There are many steps that the crew of an animated film must take before they finalize any single frame. Yesterday, Disney/Pixar released an example of scene progression in Cars 2, where the main characters are driving through the streets of Tokyo. It presents a fascinating look at five of the steps that are taken, leading up to a nicely polished image. Each step has a description and a hi-res image of the progression, which you can view here.
Progression 1 of 5:
Tokyo is the first stop in the World Grand Prix where Lighting McQueen, Mater and the Radiator Springs gang experience many new wonders of their global adventure – a Kabuki performance, Sumo wrestling, the glow of neon on the streets, and the glamorous race kickoff party. It is here that Mater is mistaken for an American secret agent, and is propelled into the world of global espionage. The Tokyo race sequence alone took over 1400 storyboards to portray the action involved.
Progression 2 of 5:
This frame shows the camera and character staging that precedes animation, known as Layout. The set models and dressing are still in progress and will be finalized once animation is completed.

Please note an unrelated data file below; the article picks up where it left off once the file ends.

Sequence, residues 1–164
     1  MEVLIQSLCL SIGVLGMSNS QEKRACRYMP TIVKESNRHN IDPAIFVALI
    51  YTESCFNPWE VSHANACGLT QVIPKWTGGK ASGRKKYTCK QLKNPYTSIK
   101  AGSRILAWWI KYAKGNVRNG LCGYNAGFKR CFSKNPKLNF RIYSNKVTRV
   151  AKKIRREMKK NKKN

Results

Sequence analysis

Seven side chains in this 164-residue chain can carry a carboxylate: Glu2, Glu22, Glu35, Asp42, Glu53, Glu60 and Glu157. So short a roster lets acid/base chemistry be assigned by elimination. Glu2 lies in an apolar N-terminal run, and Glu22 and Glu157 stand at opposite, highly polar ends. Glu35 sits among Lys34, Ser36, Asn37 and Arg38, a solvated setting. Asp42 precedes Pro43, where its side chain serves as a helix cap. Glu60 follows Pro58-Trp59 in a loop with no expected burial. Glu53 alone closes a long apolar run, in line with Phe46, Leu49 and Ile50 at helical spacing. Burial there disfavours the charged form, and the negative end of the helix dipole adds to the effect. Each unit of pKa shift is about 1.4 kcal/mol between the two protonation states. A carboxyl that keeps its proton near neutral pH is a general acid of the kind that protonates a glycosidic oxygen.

Progression 3 of 5:
This frame shows the final character animation poses. The primary and secondary characters are keyframe animated. Background cars that populate the road are added procedurally using a crowds software system.
Progression 4 of 5:
The character and set shading encompasses the color, texture and material attributes of every surface, and determines how surfaces will respond to lights. In the world of “Cars,” graphics play a big role in the shaded scene, especially with the many neon signs in Tokyo.
Progression 5 of 5:
Virtual lights provide illumination from thousands of light sources such as street lamps, headlights and neon signs. The reflective car bodies and wet street require a computationally intensive technique called Raytracing. Additional visual details such as lens flare from headlights and colored fog around the signs are added. The final rendered image is computed on a Renderfarm and has to be free of any visual artifacts.
It is interesting to get an inside look at the journey of the image that we will see on the big screen when the film hits theaters on June 24. We will have much more coverage of the behind-the-scenes work on Cars 2 coming up in the next few weeks. Believe us when we say that we have a ton to share!